COVINGTON - The Covington City Council and mayor could be getting a pay raise.
The council held a work session Thursday afternoon to discuss increasing the mayor's annual salary from $12,000 to $18,000 and the yearly salary for council members from $6,000 to $9,000.
Personnel Director Ronnie Cowan said the work demand on the council and mayor has increased in recent years, but the current salaries have been in effect since 1977.
"There are more demands on this body of people as a policy board than there ever has been," Cowan said, adding that the council is doing "double the work" it was 10 years ago.
While acknowledging that, "It's never popular to vote yourself a raise," Mayor Kim Carter added, "I don't know anybody that hasn't had a raise in 32 years."
Council members Janet Goodman, Mike Whatley and Hawnethia Williams were in agreement that the issue should go before the council for a vote, but Councilman Keith Dalton said now is not the time to pass a pay raise. He said citizens are losing jobs and the city's own department heads have been asked to cut back on spending.
"My biggest thing is just looking at what people out there are going through. I can't do it. My conscience just will not allow me," Dalton said.
Council members John Howard and Ocie Franklin did not attend the work session.
The pay raise would amount to an increase of about $24,000 in the budget, Carter said.
"Despite our own personal situations and our empathy and sympathy for our neighbors we're seeing this happen to, we've got to keep remembering we are in good financial shape as a city," she said.
During a financial update in December, it was reported the city has nearly $40 million in reserves.
Goodman said department heads are always requested to spend only what is necessary.
"There will never be a good time," to approve a pay raise, Goodman said. "It doesn't exist because people are going to complain, I don't care if we've got $150 million."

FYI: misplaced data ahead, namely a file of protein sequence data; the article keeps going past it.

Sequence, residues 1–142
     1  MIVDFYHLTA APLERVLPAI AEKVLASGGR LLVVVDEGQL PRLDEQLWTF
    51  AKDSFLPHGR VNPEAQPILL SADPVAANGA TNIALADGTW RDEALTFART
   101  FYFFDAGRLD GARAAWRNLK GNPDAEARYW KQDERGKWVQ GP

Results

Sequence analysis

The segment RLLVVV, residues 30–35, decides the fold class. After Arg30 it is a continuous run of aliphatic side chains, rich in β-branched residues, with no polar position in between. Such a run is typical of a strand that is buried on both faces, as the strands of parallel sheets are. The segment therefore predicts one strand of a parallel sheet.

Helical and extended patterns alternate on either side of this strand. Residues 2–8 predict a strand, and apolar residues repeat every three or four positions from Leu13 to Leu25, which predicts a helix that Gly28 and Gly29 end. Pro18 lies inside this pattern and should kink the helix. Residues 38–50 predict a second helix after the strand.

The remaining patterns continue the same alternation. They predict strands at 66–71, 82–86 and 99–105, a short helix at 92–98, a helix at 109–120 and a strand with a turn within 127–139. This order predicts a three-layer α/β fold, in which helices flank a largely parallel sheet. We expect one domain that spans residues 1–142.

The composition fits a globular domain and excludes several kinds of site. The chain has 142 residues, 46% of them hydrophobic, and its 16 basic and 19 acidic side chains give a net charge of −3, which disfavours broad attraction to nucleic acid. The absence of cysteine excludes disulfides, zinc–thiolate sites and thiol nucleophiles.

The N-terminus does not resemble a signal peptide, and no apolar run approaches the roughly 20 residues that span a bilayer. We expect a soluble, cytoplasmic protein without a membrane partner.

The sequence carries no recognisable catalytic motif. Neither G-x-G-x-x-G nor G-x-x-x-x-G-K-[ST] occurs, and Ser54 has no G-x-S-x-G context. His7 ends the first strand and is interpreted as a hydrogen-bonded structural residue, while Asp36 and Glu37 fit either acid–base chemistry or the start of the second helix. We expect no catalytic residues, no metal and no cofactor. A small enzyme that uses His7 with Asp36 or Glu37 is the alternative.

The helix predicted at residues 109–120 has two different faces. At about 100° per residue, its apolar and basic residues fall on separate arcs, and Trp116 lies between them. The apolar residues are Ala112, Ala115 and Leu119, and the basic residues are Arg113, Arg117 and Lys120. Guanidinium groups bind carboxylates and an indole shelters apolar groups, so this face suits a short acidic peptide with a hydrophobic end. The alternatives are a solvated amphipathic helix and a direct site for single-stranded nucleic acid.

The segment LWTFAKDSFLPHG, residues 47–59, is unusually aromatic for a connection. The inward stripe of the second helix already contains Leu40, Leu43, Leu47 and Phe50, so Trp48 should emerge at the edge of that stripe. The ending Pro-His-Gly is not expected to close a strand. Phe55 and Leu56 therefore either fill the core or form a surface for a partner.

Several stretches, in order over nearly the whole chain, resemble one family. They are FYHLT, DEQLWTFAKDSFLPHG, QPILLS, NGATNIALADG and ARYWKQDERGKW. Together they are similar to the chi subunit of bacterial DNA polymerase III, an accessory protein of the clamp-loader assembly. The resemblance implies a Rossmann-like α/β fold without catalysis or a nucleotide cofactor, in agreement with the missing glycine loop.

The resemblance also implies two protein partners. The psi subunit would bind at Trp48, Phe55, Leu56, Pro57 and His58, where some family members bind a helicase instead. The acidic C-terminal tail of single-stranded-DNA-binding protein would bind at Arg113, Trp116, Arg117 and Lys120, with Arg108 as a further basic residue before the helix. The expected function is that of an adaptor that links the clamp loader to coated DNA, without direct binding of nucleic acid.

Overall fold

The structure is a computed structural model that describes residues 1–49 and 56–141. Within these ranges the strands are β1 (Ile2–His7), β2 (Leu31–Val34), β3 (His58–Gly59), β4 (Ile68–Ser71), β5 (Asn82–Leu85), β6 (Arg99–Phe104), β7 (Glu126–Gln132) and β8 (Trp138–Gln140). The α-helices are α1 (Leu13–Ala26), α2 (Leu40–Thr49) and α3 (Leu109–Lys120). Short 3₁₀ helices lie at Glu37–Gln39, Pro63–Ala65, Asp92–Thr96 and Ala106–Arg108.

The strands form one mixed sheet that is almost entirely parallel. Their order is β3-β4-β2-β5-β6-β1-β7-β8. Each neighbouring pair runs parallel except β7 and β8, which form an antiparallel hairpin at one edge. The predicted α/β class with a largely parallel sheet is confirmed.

Cowan said that evidence shows the council and mayor have done a good job of managing city money.
He said the city is operating with 13 unfilled positions, with employees picking up the extra work. He asked the council to consider the value of their positions to the city, adding that if they served on the board of directors for a private company, they would receive much higher compensation.
He also noted the council spends a lot of personal time answering constituent concerns.
"When y'all are elected to this office ... you're at it 24/7. When you walk out of here, you're still a council person," he said.
Goodman agreed that the position "is just like a doctor being on call."
Cowan also noted the council is now holding hour-long work sessions prior to every regular meeting and that the city's population and utility customers have increased dramatically.
Since 1998, the city's population increased from 10,026 to 14,712, he reported.
Also, utility customers have increased from 29,145 to 38,962.
City Manager Steve Horton pointed out that the city serves many residents outside the city limits through utilities.
"You may not be the political representative of all those people out there, but you are the utility representative," he said.
Williams added that the council also devotes time to joint projects with the county, such as the economic development strategic plan currently in the works.
Dalton asked if the raise could be put on the ballot for voters to decide.
But Cowan said it would require a change to the city charter that can only be made by the council.
"I'm a no. I can't do it. I just can't do it," Dalton said.
"I don't think any of us ran for the money. I ran to serve and make this a better place. It ain't for the money, the glory or the fame," he later added.
"Most people who are objective, when they look at this and realize what we do - some people think we just sit down here and flap our gums and go home. They don't realize the work we do and the hours we put in. ... All of us are here for the same reason. Nobody's ambition is bigger than another's," Goodman responded.
City ordinance requires the pay raise must be approved before qualifying for the 2009 Municipal Election. Qualifying takes place Aug. 31 through Sept. 4.
If approved, the pay increase would go into effect Jan. 1, 2010.
The issue will be on the council's Feb. 16 agenda. The council meets at 6:30 p.m. at City Hall, located at 2194 Emory St.
Crystal Tatum can be reached at email@example.com.